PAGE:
Attorney claims EPA chief resigned over alias email accounts

A Washington attorney suing the Obama administration for access to alias emails sent by EPA Administrator Lisa Jackson claims that a recent decision by the Justice Department to release thousands of those emails next month contributed to her resigning Thursday.

Jackson, in a brief written statement, said Thursday she is leaving the EPA after four years on the job, for "new challenges, time with my family and new opportunities to make a difference."

The agency did not offer an explanation. But Chris Horner, a senior fellow at the Competitive Enterprise Institute, said the scrutiny over the alias emails is clearly a factor.

"Life's full of coincidences, but this is too many," he told "She had no choice."

Horner and CEI earlier this year had sued the EPA for documents pertaining to Jackson's use of alias email accounts. She was said to operate under the name "Richard Windsor" -- the use of those accounts has since drawn the scrutiny of Republican members of Congress, as well as triggered an audit by the EPA inspector general.

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According to court documents, the EPA -- represented by the Justice Department -- two weeks ago agreed to release as many as 12,000 emails pertaining to the CEI request beginning by Jan. 14, at a rate of 3,000 documents per month. The court accepted the schedule last week.

Horner said the increased scrutiny on the alias account, coupled with what those emails might contain regarding the administration's alleged "war on coal," likely contributed to Jackson's announcement Thursday.

"She, by her action, told us that these are records she doesn't want the people to see," Horner said.

President Obama, in a written statement, made no reference to the emails.

"Over the last four years, Lisa Jackson has shown an unwavering commitment to the health of our families and our children," Obama said. "Under her leadership, the EPA has taken sensible and important steps to protect the air we breathe and the water we drink ... I wish her all the best wherever her future takes her."

Asked for a comment Thursday, an EPA representative referred back to Jackson's earlier statement.

In November, when reports of the alias accounts were first surfacing, an EPA spokesman said the agency has for roughly a decade assigned internal and public email addresses to administrators -- and that they use the internal ones to communicate with staff because of the massive amount of traffic on the public accounts.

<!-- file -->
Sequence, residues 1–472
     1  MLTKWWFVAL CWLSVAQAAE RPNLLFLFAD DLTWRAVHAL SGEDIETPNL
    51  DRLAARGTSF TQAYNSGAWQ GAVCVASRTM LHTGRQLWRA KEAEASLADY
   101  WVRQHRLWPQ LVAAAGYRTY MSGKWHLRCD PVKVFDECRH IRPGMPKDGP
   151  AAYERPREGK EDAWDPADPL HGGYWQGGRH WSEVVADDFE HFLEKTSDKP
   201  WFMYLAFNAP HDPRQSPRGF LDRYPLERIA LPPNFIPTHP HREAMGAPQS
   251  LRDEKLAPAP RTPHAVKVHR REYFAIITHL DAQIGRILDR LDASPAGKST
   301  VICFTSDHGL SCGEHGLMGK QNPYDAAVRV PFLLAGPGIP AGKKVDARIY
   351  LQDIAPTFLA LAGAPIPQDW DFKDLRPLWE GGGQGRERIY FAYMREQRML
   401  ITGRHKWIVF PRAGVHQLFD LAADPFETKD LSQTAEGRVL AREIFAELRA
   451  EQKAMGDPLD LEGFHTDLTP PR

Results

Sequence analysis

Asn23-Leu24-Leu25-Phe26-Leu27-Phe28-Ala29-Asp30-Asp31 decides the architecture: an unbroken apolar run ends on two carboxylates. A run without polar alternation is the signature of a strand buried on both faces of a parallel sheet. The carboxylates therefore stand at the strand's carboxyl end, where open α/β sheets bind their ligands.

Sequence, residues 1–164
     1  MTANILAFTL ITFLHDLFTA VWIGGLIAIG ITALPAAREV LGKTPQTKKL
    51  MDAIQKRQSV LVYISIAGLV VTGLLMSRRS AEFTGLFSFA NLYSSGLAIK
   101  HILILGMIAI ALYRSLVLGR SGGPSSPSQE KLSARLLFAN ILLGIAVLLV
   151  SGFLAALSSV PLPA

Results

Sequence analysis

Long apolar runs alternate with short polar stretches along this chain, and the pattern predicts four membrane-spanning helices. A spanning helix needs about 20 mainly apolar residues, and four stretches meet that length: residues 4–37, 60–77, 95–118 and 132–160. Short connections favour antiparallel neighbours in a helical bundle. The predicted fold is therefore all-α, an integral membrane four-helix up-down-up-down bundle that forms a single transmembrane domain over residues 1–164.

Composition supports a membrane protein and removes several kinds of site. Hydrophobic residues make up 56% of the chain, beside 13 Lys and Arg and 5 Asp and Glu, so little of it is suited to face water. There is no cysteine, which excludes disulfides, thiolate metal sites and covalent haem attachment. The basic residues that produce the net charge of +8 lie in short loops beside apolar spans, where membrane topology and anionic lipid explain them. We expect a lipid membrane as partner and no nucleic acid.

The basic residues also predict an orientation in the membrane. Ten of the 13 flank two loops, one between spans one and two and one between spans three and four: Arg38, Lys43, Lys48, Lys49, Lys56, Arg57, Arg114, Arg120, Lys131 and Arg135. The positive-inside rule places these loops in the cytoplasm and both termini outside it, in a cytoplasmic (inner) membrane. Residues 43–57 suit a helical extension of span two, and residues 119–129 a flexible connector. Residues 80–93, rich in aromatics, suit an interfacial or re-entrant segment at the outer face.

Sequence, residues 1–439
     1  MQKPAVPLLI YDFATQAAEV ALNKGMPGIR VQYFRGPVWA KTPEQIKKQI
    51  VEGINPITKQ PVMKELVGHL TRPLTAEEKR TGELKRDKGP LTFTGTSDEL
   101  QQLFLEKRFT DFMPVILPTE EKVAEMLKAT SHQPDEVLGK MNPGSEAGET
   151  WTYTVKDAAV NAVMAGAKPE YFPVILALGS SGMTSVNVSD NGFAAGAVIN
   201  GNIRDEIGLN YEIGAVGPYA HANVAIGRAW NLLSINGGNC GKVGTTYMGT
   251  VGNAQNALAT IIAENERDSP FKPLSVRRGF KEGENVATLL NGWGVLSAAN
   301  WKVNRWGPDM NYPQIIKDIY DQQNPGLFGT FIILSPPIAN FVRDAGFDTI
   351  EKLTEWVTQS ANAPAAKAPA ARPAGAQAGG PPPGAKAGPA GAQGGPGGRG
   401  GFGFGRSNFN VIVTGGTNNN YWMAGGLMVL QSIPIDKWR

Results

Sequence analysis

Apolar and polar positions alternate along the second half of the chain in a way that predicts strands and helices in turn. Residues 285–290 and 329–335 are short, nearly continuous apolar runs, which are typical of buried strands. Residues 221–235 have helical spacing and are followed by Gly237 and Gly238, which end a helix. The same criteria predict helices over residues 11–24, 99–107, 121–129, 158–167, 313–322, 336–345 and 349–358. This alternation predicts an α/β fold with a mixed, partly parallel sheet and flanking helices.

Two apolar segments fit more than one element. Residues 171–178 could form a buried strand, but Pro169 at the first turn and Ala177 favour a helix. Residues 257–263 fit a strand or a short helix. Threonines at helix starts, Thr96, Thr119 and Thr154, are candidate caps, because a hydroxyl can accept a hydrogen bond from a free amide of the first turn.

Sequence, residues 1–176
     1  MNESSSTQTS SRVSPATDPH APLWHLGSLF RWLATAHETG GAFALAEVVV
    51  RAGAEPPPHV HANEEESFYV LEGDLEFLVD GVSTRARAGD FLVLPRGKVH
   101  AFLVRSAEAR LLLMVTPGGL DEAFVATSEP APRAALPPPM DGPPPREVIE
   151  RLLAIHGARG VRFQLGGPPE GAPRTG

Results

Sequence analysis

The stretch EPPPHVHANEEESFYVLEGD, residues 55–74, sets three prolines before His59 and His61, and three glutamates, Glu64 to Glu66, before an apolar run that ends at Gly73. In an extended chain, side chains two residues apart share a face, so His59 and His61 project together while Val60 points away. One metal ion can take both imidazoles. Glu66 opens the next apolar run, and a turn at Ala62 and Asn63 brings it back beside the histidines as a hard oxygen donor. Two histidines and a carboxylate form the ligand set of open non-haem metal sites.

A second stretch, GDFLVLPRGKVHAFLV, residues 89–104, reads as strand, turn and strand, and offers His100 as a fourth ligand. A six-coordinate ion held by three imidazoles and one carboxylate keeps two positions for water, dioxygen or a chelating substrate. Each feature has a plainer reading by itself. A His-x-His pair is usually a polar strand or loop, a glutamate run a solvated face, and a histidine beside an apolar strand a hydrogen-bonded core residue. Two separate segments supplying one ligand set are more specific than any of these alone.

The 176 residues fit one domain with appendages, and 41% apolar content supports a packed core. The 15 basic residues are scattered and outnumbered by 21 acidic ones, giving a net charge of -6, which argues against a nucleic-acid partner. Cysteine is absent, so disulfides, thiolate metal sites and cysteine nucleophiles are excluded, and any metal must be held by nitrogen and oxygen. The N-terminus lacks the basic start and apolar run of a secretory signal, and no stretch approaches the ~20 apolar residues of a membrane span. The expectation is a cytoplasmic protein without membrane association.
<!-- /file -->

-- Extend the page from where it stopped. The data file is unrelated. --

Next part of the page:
The spokesman also said both accounts are reviewed and made available when a Freedom of Information Act request is made.
Republican lawmakers, though, expressed concern about the accounts, and particularly the use of a fake name.

"While we understand the need for a secondary account for management and communications purposes, your choice to use a false identify remains baffling," Republicans on the House Committee on Science, Space and Technology wrote to Jackson last week.

Earlier in the month, the EPA inspector general's office confirmed that it was opening an audit into the agency's "electronic records management practices." The office said they would look into whether the EPA was, among other things, encouraging the use of "private or alias email accounts to conduct official government business."

Horner has said the agency's use of secret email accounts dates back to the Clinton administration and then-Administrator Carol Browner. He called Jackson's account a "deliberate, several stage deception."

Jackson's tenure was marked by a string of high-profile fights between her agency, and the energy industry along with congressional Republicans. Goals for a cap-and-trade climate bill in Congress were scuttled early on in the Obama administration, but her agency went on to set new fuel efficiency standards for U.S. vehicles, as well as new rules for power plants.

She played a role in pushing for a delay in the Canada-to-Texas Keystone XL pipeline. All along, Republicans in Congress repeatedly tried to block EPA regulations on coal and other industries.

Fox News' Doug McKelway contributed to this report.